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>> reporter: and when he was sobbing, he was told it was wrong. >> we do not do that kind of work. when a client begins a session, how can i help you? what do you want to work on today? i have to be seen as an ally, a helper, a good father figure, a good male image. this is what's curative. i have to be the man who accepts you for who you are. >> reporter: when somebody says, people like yourself, others are trying to get the gay out of people. >> that's a terrible way of phrasing it. i would rather say we are trying to bring out the heterosexuality in you. >> reporter: at 14, ryan says he had no interest in changing. or continuing therapy with nicolosi. did he understand you were there against your will? >> absolutely. he knew that i wasn't a willing participant. but this is what he does. he takes in gay kids whose families want them to be straight and goes to work on
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them. >> reporter: nicolosi told us that's not true. and you put the child's interest before the parent's even? >> absolutely. absolutely. >> reporter: he says he's kept hundreds of children from growing up to be gay. one of the researchers he points to is this man, george rekers. a big believer that homosexuality can be prevented. nicolosi even cites his work in his book "a part's guide to preventing homosexuality." he uses rekers' therapy as evidence that therapy can keep thing from growing up to be gay. he writes that growth into a heterosexual identity is indeed possible. >> george rekers has done pioneering work in this for many, many years. >> reporter: what he didn't know until our interview was that the young boy he cites as a success story, whose real name is kirk murphy, struggled with being gay his entire life. he committed suicide in 2003, when he was 38 years old.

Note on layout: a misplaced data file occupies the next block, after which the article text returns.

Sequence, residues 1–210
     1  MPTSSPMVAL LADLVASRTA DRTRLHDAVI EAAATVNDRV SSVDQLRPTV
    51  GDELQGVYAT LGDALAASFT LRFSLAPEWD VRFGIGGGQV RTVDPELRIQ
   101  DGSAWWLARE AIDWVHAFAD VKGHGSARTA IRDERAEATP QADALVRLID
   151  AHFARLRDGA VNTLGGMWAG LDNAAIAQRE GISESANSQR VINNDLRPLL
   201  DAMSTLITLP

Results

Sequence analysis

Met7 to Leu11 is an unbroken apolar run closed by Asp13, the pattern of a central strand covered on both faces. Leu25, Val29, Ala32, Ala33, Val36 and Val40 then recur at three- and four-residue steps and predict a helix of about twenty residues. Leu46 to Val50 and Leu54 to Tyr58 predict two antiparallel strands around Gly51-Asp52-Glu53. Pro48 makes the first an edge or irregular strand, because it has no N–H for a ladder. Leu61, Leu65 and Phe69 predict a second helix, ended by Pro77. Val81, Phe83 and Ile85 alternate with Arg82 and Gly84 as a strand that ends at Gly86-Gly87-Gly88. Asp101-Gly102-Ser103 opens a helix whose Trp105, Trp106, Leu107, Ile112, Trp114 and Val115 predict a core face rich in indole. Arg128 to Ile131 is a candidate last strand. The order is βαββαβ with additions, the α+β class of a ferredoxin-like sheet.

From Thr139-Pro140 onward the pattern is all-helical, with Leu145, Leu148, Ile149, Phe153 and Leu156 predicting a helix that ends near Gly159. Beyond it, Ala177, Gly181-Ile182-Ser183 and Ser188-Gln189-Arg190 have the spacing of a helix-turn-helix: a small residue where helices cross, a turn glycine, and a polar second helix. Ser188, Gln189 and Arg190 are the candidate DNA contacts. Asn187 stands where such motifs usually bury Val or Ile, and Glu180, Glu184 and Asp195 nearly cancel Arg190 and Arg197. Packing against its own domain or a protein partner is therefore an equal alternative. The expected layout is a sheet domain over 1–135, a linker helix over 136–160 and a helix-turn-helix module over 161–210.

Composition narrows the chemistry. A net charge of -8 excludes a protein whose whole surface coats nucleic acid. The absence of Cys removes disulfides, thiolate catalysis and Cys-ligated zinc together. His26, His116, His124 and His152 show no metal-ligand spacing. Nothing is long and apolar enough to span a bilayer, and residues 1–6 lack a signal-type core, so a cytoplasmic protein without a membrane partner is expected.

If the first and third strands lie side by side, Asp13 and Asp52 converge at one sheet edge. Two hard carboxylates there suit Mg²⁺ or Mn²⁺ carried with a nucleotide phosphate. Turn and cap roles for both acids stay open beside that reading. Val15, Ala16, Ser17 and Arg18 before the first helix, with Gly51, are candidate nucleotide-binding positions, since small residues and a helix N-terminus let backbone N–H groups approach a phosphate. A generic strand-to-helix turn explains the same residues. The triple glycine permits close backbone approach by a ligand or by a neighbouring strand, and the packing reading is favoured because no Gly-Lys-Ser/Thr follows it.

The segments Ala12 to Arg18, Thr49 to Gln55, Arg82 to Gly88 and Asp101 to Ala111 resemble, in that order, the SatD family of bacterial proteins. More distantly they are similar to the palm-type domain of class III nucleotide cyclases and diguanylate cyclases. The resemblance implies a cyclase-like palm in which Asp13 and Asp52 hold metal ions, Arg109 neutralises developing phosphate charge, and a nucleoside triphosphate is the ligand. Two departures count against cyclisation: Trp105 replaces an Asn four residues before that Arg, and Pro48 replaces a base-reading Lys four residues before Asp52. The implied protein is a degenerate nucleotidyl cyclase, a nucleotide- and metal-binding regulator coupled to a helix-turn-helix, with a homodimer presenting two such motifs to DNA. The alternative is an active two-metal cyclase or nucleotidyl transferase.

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kirk's family says the torment brought on by the therapy is why kirk took his own life. but rekers argues there's no way to prove his therapy had anything to do with kirk's suicide decades later. >> george rekers has done a lot of research. he's done a lifetime of research. if there's somebody who committed suicide, that's tragic. but we have to look at the body of literature. that's what we're relying on. >> reporter: nicolosi claims science supports the idea that people are not born gay. >> we say that homosexuality is an adaptation to an emotional breach with the parents, primarily parents of the same sex or for the boy, it's an emotional breach, a failure to bond with the father. >> dr. joseph nicolosi simply makes things up when it comes to
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science. >> reporter: wayne besen is with the organization truth wins out. >> he says a person who is a gay man has a distant father and isn't good at sports. i was an all-city basketball player in high school and am incredibly close to my father. >> reporter: the american psychiatric association opposes reparative therapy, saying the potential risks are great, including depression, anxiety and self-destructive behavior. nicolosi says his therapy isn't harmful and only treats people who want to change. does it concern you that there may be a psychological impact on some of these kids? >> there's much more push from society to be not homosexual, not to be gay, that's for sure. >> reporter: you're saying they feel more pressure out here than in here? >> absolutely. >> every day i deal with people who have been harmed, who were survivors of these groups who try to say you can pray away from the gay and change people from being gay to straight.